And ever since the Alameda County study in California back in the 1960s linked breakfast — along with a host of other habits — to a longer lifespan, there's been a societal push towards breaking the fast.
"It's such a simple lifestyle change that people can make," says researcher Eric Rimm of the Harvard School of Public Health.
Rimm is the co-author of fresh research that links yet another significant benefit to eating a morning meal: reducing the risk of heart attack.
The new study, published in the journal Circulation, finds that men who routinely skipped breakfast had a 27 percent higher risk of having a heart attack or dying from coronary heart disease compared to men who ate breakfast.
The long-term, 16-year study included nearly 27,000 men.
"Don't skip breakfast," concludes study author Leah Cahill, a research fellow at the Harvard School of Public Health.
Now a lot of folks may be wondering: Is there something truly beneficial about the timing of breakfast? Or is it just the case that people who eat a morning meal also tend to have a lot of other good habits, such as exercising more and smoking less, compared to those who skip?
Rimm and his colleagues took pains to account for the fact that the breakfast eaters in their study were different. Still, the findings held.
"It was somewhat surprising to us that even after we statistically accounted for differences in diet, smoking patterns and exercise patterns ... you still see an elevated risk of heart attack [among the non-breakfast eaters]," Rimm says.
The researchers aren't certain what accounts for the benefits, but they believe several biological mechanisms could be at play.
Cahill says when you prolong fasting by skipping breakfast you can put a strain on the body. "And over many years ... it can lead to insulin sensitivity, which can lead to [type-2] diabetes, [and] it can lead to high blood pressure," she says, which over time can lead to heart disease.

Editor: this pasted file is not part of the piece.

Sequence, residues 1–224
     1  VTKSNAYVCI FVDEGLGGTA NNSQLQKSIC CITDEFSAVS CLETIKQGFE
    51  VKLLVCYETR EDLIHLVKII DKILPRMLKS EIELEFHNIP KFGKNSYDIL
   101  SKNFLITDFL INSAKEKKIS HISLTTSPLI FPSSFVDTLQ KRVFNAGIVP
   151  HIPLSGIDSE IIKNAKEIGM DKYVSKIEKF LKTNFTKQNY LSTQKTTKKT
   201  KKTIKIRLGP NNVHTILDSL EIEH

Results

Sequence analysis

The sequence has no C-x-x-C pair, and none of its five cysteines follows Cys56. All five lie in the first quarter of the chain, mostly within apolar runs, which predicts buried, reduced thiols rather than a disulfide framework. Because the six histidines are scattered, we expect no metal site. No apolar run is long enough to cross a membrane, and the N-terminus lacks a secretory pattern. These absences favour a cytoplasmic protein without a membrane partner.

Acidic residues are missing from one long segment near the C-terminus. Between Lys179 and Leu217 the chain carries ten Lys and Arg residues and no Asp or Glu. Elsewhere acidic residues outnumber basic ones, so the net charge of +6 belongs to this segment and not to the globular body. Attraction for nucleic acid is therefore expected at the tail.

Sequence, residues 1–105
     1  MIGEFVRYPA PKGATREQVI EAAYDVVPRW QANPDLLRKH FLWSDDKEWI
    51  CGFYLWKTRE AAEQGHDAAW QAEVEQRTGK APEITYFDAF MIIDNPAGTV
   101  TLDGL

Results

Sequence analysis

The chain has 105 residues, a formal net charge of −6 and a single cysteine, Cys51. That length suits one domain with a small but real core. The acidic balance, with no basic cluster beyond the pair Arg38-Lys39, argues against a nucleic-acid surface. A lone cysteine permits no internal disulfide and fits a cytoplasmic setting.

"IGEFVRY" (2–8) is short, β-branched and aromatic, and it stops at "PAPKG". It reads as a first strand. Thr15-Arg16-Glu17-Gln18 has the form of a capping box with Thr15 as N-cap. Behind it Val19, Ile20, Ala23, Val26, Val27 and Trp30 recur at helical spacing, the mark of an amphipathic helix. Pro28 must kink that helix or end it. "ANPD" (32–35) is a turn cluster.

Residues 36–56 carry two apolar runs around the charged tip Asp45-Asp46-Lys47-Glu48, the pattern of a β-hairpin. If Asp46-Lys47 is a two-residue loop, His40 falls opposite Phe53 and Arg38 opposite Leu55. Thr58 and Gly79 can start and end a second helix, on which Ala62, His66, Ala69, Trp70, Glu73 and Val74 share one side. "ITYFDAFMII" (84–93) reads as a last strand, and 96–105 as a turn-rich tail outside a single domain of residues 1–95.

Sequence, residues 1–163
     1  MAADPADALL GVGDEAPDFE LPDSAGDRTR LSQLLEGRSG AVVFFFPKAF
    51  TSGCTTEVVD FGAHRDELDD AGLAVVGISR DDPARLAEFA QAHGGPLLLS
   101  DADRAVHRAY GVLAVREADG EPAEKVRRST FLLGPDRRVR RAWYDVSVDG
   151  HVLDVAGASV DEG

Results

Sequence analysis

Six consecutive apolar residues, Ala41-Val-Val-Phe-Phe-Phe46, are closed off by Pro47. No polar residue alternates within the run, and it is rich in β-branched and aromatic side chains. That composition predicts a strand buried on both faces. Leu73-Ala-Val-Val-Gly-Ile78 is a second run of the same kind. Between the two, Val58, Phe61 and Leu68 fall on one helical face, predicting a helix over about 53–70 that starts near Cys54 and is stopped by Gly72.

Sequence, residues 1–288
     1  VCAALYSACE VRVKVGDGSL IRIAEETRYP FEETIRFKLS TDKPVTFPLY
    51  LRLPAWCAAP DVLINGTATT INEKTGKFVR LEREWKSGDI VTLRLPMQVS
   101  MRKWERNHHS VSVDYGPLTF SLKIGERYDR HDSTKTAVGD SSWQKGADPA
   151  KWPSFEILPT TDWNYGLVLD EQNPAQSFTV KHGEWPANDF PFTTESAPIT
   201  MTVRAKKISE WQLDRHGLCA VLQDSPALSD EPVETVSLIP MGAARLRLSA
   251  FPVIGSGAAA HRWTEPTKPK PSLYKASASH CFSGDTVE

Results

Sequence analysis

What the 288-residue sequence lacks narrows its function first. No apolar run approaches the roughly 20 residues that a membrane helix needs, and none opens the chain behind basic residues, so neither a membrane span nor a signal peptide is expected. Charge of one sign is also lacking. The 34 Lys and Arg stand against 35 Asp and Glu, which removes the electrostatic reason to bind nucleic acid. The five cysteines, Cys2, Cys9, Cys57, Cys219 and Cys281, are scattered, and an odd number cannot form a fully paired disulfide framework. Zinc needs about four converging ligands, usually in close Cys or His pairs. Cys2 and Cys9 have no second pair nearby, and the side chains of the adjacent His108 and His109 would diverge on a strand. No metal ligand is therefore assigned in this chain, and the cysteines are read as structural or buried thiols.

In other words, she's making the case that the timing of meals really does seem to matter.
"We really saw that breakfast itself was important," concludes Cahill. Whether it's skipping breakfast in the morning or eating very late at night, this pattern of eating may lead to adverse metabolic effects that set the stage for heart disease.
Researchers who study circadian rhythms say these findings make sense, given that the act of eating plays a critical role in resetting our internal clocks.
"For a very long time we thought that light is the cue that resets the brain clock," says Satchin Panda, an associate professor in the Regulatory Biology Laboratory at the Salk Institute. "But slowly we are learning that actually it's food that's the biggest cue to reset the clock."
He says the resetting of the clock is key since it helps our bodies perform optimally.
If you change the timing of food on different days, then the clock is not getting the same cue everyday Panda says, so "the clock goes haywire and our body becomes less efficient in processing the food."
Now, there are plenty of healthy people out there who don't eat a meal right after waking up.
"I don't tend to wake up real hungry," says Rachel Johnson, a professor of nutrition at the University of Vermont and a spokesperson for the American Heart Association.
Johnson says she usually eats a mid-morning breakfast, and this is OK. She says she is convinced by the body of evidence that breakfast has its benefits, but her advice: Don't force it.
"If you're not a breakfast eater, don't just add the calories on top of what you're doing and expect you're going to be be miraculously healthier," says Johnson.
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